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Still today, German post-war collective memory is continually evolving. Its contested complexity has earned the word 'Vergangenheitsbewältigung' (coming to terms with or mastering its past) a unique place in the German language and national consciousness. The city, as a built environment, is an active participant in memory production – especially due to it being in a constant flux. The handling of, and interaction with this built environment, is shaped by its society’s collective memories and simultaneously helps shape them in return.

Stadt im Verborgenen (Hidden City) (1994) embodies Julian Rosefeldt’s earliest work complex. Developed together with his former artist-partner, Piero Steinle, for their master’s in architecture, the project directly addresses the charged history of Königsplatz in Munich. In the 1930s, the neo-classical Königsplatz underwent a fundamental shift with the rise of the National Socialist party (NSDAP): Munich came to embody the 'Hauptstadt der Bewegung' (capital city of the movement) with the party’s headquarters residing at Königsplatz itself. Until Rosefeldt and Steinle erected an on-site information board in 1995, in the context of the exhibition Bürokratie und Kult (Bureaucracy and Cult) held by the Zentralinstitut für Kunstgeschichte, any knowledge on the function and history of the NSDAP buildings had been withheld from Munich’s citizens and visitors. Whilst offsetting the flawlessly-famed portrayal of their hometown, the artists drive to expose the wound of the past and keep the bureaucratic machinery of the National Socialist perpetrators alive in present and public consciousness. A fundamental theme of the entire project: the fusing fluctuation between past and present draws our attention to the shifting status of the site over time. In addition, Stadt im Verborgenen (Hidden City) underpins many of Rosefeldt’s works in his confrontation of the still problematic dealing with German identity.

As far back as 1931, Adolf Hitler and the architect Paul Ludwig Troost began planning new buildings for the NSDAP headquarters. These were to be located in the immediate vicinity of the 'Brown House' (the party’s founding building) at the edge of Munich’s Königsplatz: a square characterised by neo-classical museum buildings and a style favoured by Hitler due to its grandeur associations and idealisation of antiquity. In addition to the two main buildings – the 'Führerbau' and the NSDAP administrative building – Hitler and Troost designed two 'Ehrentempel' (temples of honour) to house the iron sarcophagi containing the bodies of the 'Martyrs of the Movement' – Hitler’s associates in the abortive 1923 putsch. Underneath the two large party buildings, a hidden network of bunkers and connecting tunnels was constructed, the majority of which have remained structurally unchanged to this day and are now used as storage space by the new tenants. The Nazi party buildings and the 'Ehrentempel' survived the war more or less unscathed, however the latter were demolished by the Allies in 1947. The foundations of the 'Ehrentempel' survived the demolition but were densely planted shortly after the end of the war and later declared a biotope. When Rosefeldt and Steinle began their research, the former 'Führerbau' housed the University of Music and Performing Arts and the previous NSDAP administrative building was home to the Haus der Kulturinstitute (House of the Cultural Institutes) and the Zentralinstitut für Kunstgeschichte (Central Institute for Art History).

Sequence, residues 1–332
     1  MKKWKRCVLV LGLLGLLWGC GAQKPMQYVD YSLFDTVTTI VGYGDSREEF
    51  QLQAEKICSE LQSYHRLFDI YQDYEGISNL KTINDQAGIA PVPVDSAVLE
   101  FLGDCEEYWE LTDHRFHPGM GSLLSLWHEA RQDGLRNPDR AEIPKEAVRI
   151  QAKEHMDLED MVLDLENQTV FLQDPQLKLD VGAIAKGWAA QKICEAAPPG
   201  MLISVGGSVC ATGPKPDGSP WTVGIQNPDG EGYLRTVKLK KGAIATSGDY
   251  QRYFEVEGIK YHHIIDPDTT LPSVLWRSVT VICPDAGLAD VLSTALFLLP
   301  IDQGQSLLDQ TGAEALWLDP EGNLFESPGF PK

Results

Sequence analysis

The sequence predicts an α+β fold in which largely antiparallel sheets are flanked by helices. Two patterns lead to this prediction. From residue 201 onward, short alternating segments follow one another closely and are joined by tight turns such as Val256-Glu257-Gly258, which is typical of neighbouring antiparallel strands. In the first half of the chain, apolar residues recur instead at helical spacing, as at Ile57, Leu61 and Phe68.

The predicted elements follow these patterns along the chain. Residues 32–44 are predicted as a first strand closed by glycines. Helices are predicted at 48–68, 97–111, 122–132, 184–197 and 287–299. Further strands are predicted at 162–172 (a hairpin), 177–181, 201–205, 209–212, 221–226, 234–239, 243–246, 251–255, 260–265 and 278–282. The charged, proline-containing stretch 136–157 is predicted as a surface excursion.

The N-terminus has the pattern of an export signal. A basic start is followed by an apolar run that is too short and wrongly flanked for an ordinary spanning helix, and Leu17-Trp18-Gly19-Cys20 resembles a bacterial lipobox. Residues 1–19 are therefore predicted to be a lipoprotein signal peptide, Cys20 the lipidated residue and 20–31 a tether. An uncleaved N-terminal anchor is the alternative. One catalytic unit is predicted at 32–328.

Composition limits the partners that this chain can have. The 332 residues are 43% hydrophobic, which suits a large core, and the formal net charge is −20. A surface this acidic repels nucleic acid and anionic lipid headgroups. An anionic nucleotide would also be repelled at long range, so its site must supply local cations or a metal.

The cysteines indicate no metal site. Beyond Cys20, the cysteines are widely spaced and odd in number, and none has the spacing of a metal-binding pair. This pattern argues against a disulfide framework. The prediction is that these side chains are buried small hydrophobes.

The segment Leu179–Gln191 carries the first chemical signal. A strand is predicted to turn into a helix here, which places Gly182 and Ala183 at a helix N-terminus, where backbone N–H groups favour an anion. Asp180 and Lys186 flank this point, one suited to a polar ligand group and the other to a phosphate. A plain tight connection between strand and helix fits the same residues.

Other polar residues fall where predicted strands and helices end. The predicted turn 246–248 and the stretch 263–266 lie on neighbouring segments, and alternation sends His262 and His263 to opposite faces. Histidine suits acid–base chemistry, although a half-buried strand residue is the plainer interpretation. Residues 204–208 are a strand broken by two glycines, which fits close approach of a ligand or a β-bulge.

The publication Bürokratie und Kult (Bureaucracy and Cult) (1995), was released by the artists in cooperation with the Zentralinstitut für Kunstgeschichte (Central Institute of Art History) and presented alongside an exhibition on the occasion of the fiftieth anniversary of the end of World War II. The publication is divided in two parts. The first part, edited by the Zentralinstitut für Kunstgeschichte, consists of in-depth research into the history, architecture and design of the buildings. The second, edited by Rosefeldt and Steinle, unites essays by writers, journalists, art historians and architects, following the artist duo’s invitation to collect different perspectives on the historically charged site and the dealing with it in post-war Germany. Alongside photographs by Piero Steinle, the second part contains Rosefeldt’s photographic essay which later led to the development of Hidden City (1994/2010) as a standalone photo series.

In conjunction with the exhibition, Rosefeldt and Steinle erected an information board next to the northern 'Ehrentempel’s' foundations, to notify passers-by of the area’s history and each building’s position and function. After the exhibition was over, the artists cunningly gave the information board as a gift to the city. Unable to refuse the gesture, the placard remained on-site and for a long time represented the only public attempt to bring the National Socialist past of Königsplatz to light. This act contributed to an ongoing discussion which finally led to the realisation of a documentation centre on site in 2015 (NS-Dokumentationszentrum München / Munich Documentation Centre for the History of National Socialism).


Bürokratie und Kult. Das Parteizentrum der NSDAP am Königsplatz in München
Herausgegeben von Iris Lauterbach, Piero Steinle und Julian Rosefeldt 
München, Berlin: Deutscher Kunstverlag 1995
(Veröffentlichungen des Zentralinstituts für Kunstgeschichte in München)
See also: Bibliography


E. Lapper, a.o.

Other Works / Stadt im Verborgenen (Hidden City), 1994 / Publication and Information Sign